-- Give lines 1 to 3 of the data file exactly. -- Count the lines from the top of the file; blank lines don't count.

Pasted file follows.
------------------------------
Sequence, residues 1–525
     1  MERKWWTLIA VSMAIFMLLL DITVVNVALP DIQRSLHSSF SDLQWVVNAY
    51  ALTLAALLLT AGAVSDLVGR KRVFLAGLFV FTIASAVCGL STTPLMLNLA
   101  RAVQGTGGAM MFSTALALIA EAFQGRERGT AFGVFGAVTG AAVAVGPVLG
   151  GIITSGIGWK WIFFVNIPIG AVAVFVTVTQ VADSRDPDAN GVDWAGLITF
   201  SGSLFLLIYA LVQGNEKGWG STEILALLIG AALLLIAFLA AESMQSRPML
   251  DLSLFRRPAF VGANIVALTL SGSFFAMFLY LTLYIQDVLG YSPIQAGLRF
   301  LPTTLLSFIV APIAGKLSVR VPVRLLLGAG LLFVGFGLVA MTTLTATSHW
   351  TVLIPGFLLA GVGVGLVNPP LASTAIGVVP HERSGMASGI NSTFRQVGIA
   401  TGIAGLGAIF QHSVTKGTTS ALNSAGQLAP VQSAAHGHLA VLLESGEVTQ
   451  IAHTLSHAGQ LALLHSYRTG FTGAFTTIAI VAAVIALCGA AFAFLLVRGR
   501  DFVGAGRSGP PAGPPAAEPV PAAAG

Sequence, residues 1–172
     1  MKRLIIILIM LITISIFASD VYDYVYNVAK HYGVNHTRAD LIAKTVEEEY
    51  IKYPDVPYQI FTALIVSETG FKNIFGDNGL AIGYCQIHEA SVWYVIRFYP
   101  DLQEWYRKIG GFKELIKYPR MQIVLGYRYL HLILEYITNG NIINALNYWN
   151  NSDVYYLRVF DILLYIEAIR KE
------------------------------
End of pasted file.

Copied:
Sequence, residues 1–525
     1  MERKWWTLIA VSMAIFMLLL DITVVNVALP DIQRSLHSSF SDLQWVVNAY
    51  ALTLAALLLT AGAVSDLVGR KRVFLAGLFV FTIASAVCGL STTPLMLNLA